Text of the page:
A commitment to pluralism
Religion appears to be a resurgent force in human affairs today. In many parts of the world the long-term trend towards secularization may well have slowed down, if not reversed itself. As traditional norms and values dissolve, religion is perceived as a bulwark for the increasingly vulnerable sense of identity of individuals and groups.
The different faiths stand as cultural, symbolic and intellectual creations which, in their own way, reflect the diversity of human experience and the various ways people have of coming to terms with the promise, challenge and tragedy of human life. Indeed some new forms of "fundamentalism" (which should more properly be termed religious revivalism), and the search for religion generally, may be viewed as constructive phenomena. They represent a search for identity and meaning in a harsh world of conflicting values, a creative response to the crisis of identity, a terrain for sociocultural experimentation.
But as history also shows, religion has often been linked to awareness of national identity. It has affected and sometimes poisoned the relations between majorities and minorities. It has also often afforded a pretext for material or territorial conquest. Even today, politicized religion often appears to contribute more to the intensification of conflict than to the construction of peace. We are all familiar with the unending cycle of conflicts between Hindus and Muslims in India, between Shiites and Sunnis in Iraq and Pakistan, between Protestants and Catholics in Northern Ireland, as well as the appeal to Catholic, Orthodox, and Islamic loyalties in the complex knot of conflicts now ravaging the former Yugoslavia. The Shia and Kurds in Iraq, the Bahai in Iran, the Maronites in Lebanon, the Copts in Egypt, and democratic idealists throughout parts of the Arab world are being persecuted.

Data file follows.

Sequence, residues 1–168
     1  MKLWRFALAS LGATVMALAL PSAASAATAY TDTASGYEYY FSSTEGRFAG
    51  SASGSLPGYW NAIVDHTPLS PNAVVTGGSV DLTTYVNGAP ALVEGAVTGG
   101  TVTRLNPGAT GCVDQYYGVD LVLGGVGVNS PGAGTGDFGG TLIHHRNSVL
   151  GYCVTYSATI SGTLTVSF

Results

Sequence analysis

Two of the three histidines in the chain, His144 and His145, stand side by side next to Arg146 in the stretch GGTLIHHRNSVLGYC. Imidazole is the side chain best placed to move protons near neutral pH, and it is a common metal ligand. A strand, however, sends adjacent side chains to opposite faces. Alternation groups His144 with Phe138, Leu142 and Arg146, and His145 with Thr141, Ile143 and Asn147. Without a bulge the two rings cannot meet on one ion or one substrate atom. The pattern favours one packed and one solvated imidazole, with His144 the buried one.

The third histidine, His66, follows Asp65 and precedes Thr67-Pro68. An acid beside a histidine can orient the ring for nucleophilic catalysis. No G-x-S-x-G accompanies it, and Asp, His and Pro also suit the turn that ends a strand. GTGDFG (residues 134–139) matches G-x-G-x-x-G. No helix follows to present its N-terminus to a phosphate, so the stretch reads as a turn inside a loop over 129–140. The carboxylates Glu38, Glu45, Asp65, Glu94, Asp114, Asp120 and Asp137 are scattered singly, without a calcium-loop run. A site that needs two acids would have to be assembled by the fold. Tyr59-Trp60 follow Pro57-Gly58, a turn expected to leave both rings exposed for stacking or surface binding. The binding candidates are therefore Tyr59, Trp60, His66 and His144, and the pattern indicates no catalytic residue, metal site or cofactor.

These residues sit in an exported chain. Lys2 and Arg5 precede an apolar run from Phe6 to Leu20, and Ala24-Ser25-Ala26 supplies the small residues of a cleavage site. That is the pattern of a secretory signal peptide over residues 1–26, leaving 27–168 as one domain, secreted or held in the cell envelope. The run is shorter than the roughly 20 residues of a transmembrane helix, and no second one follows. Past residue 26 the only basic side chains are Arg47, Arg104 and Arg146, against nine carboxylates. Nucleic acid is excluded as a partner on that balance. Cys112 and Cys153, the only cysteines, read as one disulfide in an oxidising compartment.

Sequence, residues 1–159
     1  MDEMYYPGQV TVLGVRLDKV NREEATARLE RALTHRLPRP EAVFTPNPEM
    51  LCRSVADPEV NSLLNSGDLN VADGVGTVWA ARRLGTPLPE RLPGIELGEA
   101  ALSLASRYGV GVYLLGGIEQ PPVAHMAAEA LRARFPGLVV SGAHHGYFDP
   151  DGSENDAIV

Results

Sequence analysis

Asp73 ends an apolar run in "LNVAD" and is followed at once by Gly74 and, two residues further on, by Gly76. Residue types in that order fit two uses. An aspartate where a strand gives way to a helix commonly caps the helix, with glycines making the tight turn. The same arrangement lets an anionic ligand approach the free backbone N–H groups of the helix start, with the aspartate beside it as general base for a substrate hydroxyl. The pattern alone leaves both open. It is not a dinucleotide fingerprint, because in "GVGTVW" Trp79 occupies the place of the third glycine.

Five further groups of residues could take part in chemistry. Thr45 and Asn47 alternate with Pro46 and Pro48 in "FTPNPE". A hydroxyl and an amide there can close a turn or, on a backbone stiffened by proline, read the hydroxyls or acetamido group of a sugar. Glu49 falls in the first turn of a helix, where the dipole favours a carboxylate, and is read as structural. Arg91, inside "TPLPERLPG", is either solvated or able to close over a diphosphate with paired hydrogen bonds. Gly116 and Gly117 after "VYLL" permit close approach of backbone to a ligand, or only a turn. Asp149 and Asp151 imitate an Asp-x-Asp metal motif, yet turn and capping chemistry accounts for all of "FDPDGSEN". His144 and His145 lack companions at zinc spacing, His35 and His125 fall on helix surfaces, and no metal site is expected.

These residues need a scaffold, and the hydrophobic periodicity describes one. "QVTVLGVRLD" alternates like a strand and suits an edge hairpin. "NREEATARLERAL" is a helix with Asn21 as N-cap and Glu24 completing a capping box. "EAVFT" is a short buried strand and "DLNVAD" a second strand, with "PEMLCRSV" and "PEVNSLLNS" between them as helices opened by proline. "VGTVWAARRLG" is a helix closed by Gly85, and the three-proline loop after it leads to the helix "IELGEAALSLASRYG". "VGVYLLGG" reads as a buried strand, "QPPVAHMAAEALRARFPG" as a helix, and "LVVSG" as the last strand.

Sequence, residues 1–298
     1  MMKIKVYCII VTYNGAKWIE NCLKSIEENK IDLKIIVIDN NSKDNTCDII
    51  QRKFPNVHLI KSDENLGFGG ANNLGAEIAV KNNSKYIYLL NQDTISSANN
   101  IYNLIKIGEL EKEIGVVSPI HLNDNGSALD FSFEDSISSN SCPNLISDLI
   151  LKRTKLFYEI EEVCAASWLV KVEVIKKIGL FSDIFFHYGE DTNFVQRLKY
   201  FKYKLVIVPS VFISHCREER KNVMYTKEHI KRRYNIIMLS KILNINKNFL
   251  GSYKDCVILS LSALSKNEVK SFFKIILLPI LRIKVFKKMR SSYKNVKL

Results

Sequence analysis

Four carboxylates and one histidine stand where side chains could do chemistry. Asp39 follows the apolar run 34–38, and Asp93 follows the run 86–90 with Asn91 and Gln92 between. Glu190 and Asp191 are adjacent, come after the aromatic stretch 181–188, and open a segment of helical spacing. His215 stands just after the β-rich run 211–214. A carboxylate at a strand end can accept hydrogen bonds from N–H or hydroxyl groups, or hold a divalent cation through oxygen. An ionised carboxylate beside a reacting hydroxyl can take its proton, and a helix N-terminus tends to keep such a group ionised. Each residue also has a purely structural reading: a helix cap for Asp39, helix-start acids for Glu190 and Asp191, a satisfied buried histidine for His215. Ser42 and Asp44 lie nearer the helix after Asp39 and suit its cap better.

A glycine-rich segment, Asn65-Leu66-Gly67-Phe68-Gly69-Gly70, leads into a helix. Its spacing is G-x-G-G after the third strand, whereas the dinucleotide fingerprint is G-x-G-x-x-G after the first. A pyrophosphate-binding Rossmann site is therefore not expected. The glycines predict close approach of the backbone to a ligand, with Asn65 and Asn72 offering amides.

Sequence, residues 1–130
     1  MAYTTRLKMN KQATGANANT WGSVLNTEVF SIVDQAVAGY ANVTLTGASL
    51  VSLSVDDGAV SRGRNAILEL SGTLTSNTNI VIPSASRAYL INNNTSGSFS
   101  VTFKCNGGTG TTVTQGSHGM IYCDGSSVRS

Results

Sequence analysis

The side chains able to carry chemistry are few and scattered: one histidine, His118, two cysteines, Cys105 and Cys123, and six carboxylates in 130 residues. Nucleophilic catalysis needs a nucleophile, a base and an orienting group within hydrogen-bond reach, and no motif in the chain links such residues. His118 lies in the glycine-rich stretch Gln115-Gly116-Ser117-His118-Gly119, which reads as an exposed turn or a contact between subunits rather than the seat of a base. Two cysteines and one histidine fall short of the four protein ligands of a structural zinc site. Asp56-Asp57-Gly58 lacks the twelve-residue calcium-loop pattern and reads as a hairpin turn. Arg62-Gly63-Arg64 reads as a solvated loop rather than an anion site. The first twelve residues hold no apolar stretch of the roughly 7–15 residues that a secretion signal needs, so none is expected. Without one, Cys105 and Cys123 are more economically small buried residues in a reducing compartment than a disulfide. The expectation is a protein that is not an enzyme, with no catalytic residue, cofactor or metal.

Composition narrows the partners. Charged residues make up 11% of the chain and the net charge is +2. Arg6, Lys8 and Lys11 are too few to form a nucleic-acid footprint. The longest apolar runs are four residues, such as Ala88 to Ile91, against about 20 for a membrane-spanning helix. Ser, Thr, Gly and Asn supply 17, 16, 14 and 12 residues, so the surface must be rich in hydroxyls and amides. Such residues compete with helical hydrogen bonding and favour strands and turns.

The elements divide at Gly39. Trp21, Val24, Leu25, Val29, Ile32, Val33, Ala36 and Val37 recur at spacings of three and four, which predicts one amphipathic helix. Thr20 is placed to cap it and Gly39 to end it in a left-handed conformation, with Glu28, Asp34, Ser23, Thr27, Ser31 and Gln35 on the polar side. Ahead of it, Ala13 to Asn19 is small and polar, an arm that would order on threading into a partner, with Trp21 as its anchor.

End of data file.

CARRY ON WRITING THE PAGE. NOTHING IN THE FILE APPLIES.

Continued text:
Extreme doctrinaire views look to an imagined past, seen as both simpler and more stable, thus preparing the ground not only for a variety of overtly violent acts but also for the intimidation of individuals and indeed entire communities in matters of thought, behaviour and belief, coercing them into accepting a single, "orthodox" point of view. And while perceived threats to cultural values may incite people to turn back to supposedly original, "fundamental" truths, they should be reminded of what Al Ghazali clearly discerned some ten centuries ago: "There is no hope of returning to a traditional faith after it has once been abandoned, since the essential condition in the holder of a traditional faith is that he should not know he is a traditionalist."
The late twentiethcentury presents politicized, fundamentalist tendencies in all religions. As a scholar of comparative religion has pointed out "Religious extremism ... is not restricted to any one religion ... The challenge today, as in the past, is to avoid the easy answers yielded by stereotyping or the projection of a monolithic threat, to distinguish between the beliefs and activities of the [peaceful] majority ... and a minority of extremists who justify their aggression and violence in the name of religion, ethnicity or political ideology."